Testimonials from Inspiring Women: review of the 2nd webinar
For the2nd time, the community of women in Supply Chain tackled the enormous challenge of making our professions more visible to their female counterparts. Its second objective with this Webinar was to boost their self-confidence, so that more women would move into management positions and take on responsibility. We're convinced that by introducing them to role models such as Laetitia, Latifa, Stéphanie and Annie (see Episode1 ), more and more women will choose Supply and take over the reins.
The principle remains the same: 1 hour of frank, straightforward discussion, organized around questions in a choice of 4 categories:
Getting to know you better
As our guest Laetitia so aptly and modestly put it:
"the format and mindset are inspiring in their own right, so we're going to try to be a little bit too".
Marie-Laure Furgala, Director of the ISLI MS/MSC in Global Supply Chain at KEDGE BUSINESS SCHOOL, and FSC administrator in charge of the women's community, put her questions to our 2 new guests: Laetitia Balac-Ruscher, Supply Chain and Logistics Director/Member of the Comex of Groupe Monoprix and Latifa Gahbiche, General Manager SULO France & Switzerland, discover here a glimpse of their answers.
How did they come to Supply Chain?
As we're always saying, the supply chain professions are varied and open up a wealth of career opportunities. The range of possibilities is enormous, as demonstrated by the surprising career paths of our 2 interviewees.
In the replay of the event, you'll discover that it's just as easy to come from a background in finance, and more specifically in management control, as it is to come from a background in commerce, with a background in both marketing and mathematics with its constrained optimization algorithms.
The keys to a successful career today and tomorrow
Determination and perseverance are a leitmotiv. Never give up. On the other hand, as our businesses and activities evolve, so does our ability to analyze systemically and analytically, and to demonstrate finesse.
But these are not the only ingredients in their recipe for success. To find out all about it, dive into the replay!
"I think we women have a bit of a glass ceiling. We think we have to do a lot, 10 times more to be recognized. [...] Instead of 150%, maybe just 120% would have been enough".
Family, well-being and career? How do they do it?
Advice on work/life balance was particularly eagerly awaited, and organization remains the keystone. But that's not all! The question-and-answer session showed thatself-knowledge and self-acceptance are essential to creating a harmonious life, but also to setting an example for your team.
The "pause button" has made a comeback, and we've put our finger on some inspiring personal techniques to apply to our daily lives. Schedule these rejuvenating moments in your diary, because they're just as important as your meetings. They're not an option! Your well-being is sacred.
What about mentoring?
At different stages of their careers, Laetitia and Latifa have been able to call on coaches or rely on networks of women within the company, but also externally to avoid any conflict of interest. They were able to count on mentors to shake them up and challenge them, as well as on figures who inspired them.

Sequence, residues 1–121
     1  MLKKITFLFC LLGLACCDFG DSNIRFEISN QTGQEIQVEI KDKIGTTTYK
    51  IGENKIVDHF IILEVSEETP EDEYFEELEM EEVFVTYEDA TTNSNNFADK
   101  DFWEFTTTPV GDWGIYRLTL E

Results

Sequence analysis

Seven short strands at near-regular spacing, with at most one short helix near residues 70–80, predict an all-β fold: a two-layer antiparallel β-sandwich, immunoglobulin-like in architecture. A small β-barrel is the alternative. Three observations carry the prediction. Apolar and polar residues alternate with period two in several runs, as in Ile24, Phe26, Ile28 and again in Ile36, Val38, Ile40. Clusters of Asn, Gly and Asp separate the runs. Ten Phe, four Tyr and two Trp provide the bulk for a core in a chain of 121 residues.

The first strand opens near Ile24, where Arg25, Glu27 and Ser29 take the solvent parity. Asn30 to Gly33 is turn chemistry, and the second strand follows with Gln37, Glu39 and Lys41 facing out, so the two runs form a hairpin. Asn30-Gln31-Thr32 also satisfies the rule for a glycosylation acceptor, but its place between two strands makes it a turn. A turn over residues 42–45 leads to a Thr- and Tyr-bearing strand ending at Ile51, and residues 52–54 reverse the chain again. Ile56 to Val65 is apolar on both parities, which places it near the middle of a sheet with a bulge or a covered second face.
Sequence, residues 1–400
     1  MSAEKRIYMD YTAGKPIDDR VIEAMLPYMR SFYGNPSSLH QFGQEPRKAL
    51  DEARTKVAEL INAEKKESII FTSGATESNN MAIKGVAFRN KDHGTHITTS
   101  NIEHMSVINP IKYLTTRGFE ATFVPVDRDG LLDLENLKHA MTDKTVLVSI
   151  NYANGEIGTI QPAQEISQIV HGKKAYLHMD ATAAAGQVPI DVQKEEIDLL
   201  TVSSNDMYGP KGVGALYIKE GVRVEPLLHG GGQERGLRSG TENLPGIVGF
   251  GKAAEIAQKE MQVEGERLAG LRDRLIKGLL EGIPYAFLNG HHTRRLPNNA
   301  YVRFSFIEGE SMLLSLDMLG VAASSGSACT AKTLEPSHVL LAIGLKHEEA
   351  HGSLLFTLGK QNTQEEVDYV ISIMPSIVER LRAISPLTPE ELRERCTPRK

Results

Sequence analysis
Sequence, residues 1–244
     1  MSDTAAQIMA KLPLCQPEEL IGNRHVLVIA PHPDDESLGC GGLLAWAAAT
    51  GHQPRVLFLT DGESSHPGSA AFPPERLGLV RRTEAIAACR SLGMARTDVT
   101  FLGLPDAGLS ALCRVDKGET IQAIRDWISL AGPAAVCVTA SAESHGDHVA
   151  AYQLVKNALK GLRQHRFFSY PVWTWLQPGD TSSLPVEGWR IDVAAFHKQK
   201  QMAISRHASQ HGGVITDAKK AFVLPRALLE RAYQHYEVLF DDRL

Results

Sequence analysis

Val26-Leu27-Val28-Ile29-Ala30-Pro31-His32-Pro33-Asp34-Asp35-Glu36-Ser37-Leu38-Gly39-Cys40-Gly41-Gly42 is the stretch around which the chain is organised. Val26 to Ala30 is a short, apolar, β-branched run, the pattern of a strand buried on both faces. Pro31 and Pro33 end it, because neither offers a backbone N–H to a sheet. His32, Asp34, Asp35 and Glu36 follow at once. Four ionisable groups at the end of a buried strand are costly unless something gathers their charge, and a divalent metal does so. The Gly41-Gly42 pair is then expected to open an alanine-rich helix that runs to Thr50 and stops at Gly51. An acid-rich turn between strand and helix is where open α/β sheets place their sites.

The benefits of mentoring are manifold, both for the mentee and for the (more experienced) mentor, as well as for the organization in which it takes place. For example:
- For the mentee: accelerated professional development, help with career orientation, networking, self-confidence and support in the face of professional challenges.
- For the mentor: rewarding experience, enhanced leadership skills.
- For the organization: talent retention and development, transmission of corporate values and culture, better integration, improved performance.
Dealing with inappropriate behavior at work
On this subject, our 2 speakers, like their predecessors, are categorical: by reporting such behavior and taking appropriate action, you are helping to create a healthy and respectful working environment for yourself and your colleagues.
Communicate clearly, speaking directly to the person responsible for the inappropriate behavior if you feel safe to do so. Express your discomfort respectfully, using "I" phrases to avoid sounding accusatory.
If direct communication doesn't solve the problem, or if you're not comfortable addressing it, use internal communication channels. Report the behavior to your supervisor, human resources department or designated manager. Follow the company's internal procedures for reporting such problems.
This article only touches on some of the many fascinating topics covered during the webinar. If you'd like to go further and discover their mottos and recommendations, we've made a replay available to our members. This video features a timeline so you can jump straight to the part that interests you.
Ladies, thank you for your trust, your time and your frank testimonials, and thank you to Marie-Laure, our ambassador and host, for creating an environment conducive to confidence.
See you soon for a3rd episode 😉